Mexico Set to Offer ‘Safe Third Country’ Deal, Secure Guatemalan Border to Avoid Trump Tariffs
Mexican authorities are set to offer a set of concessions intended to deter illegal immigration to the United States, with the hopes of avoiding stringent and gradually increasing tariffs planned by President Trump. The tariffs have been structured as a means to motivate the government of Mexico to deter the waves of illegal immigrants coming through the country on the way to the United States.
Reporting from the Washington Post on Thursday indicated that Mexican authorities have offered to deploy 6,000 members of the Mexican National Guard to the nation’s southern border with Guatemala. The Mexicans have maintained that this would be crucial in preventing the massive ‘caravan’ formations of Central Americans from entering their country with the hopes of making it to the United States.
Mexico is also willing to make a “safe third country” agreement with the United States. Under such an agreement, which the United States already has with Canada, asylum seekers would be obligated to file an asylum claim in the first country they’ve reached since leaving their homeland. This would force Central Americans to file asylum claims in Mexico, provided it’s the first nation they’ve reached since leaving.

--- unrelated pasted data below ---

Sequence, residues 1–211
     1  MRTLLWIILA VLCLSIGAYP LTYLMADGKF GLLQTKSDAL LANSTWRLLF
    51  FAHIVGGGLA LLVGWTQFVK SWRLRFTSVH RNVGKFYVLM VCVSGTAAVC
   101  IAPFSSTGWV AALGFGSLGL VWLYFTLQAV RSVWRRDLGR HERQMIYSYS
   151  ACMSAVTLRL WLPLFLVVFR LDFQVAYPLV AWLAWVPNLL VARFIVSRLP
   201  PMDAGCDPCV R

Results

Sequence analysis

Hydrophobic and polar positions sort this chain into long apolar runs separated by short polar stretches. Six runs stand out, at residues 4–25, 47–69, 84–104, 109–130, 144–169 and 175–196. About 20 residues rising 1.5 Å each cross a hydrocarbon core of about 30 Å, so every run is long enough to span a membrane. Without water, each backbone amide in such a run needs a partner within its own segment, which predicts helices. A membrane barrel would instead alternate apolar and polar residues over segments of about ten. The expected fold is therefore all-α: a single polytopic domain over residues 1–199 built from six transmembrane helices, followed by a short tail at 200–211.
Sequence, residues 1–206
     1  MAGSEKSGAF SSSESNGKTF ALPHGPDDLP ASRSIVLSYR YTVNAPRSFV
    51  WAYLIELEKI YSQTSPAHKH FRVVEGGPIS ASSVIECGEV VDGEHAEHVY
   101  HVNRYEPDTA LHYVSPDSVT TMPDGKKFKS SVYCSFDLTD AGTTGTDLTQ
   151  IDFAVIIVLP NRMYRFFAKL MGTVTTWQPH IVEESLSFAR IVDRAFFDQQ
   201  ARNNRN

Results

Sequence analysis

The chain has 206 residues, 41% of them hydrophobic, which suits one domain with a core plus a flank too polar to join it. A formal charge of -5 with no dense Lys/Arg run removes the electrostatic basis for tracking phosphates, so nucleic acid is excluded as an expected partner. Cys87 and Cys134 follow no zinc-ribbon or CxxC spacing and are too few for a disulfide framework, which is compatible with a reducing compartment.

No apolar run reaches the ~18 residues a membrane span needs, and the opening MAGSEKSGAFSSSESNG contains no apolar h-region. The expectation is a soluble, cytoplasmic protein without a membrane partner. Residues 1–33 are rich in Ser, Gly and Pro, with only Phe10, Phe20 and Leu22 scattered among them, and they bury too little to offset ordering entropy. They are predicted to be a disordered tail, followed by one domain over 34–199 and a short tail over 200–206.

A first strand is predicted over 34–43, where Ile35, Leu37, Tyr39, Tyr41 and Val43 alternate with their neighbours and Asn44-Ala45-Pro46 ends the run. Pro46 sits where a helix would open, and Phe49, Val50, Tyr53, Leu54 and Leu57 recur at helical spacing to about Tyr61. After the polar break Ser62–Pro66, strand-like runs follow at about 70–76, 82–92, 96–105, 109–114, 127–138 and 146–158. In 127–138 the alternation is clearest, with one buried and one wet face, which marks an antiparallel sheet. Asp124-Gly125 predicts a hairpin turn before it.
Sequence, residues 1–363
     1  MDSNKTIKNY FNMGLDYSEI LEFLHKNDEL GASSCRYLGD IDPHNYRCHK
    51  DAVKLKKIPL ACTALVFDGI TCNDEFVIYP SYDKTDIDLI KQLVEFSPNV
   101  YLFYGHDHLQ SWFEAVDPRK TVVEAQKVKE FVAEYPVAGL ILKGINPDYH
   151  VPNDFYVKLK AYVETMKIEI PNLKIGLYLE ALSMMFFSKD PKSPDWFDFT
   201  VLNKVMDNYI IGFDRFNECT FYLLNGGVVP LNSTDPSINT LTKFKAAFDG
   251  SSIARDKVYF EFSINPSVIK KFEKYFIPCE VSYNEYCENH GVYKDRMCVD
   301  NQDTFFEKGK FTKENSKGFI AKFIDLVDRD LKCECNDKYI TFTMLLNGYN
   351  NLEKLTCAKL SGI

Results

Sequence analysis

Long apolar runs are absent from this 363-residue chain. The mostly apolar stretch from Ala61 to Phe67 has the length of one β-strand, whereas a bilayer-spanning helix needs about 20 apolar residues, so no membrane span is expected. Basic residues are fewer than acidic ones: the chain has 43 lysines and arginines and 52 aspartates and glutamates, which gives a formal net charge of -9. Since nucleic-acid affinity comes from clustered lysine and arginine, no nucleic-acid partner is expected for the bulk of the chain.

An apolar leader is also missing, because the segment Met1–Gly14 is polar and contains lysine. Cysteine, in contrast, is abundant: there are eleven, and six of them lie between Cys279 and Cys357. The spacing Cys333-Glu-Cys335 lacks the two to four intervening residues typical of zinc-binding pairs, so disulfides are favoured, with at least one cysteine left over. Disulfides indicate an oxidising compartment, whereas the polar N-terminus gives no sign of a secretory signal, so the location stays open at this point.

Cutting off an avenue for migrants to travel through Mexico and file for asylum in the United States could ultimately prove to be a huge deterrent in mitigating the migrant caravans, which often prove to be tens of thousands strong.
Mexico had previously resisted making such an agreement with the United States, but the tariff plan announced by President Trump appears to have led to them reconsidering. Under the plan, a 5% tariff will be applied on all Mexican exports to the United States on June 10th. The tariffs would increase to a 25% by October, if Mexico fails to satisfactorily cooperate with the United States to deter illegal immigration.
The willingness of Mexico to come to the table and offer a serious deal proves the strength of the tariffs as a negotiating tactic. Establishment beltway conservatives and Democrats had previously decried their implementation, claiming that they would lead to a trade war and couldn’t possibly result in productive exchange with the Mexican government. Instead, if the Mexican government’s proposed deal proves acceptable, it’s possible the tariffs will be averted and serious progress will be made in deterring mass illegal immigration.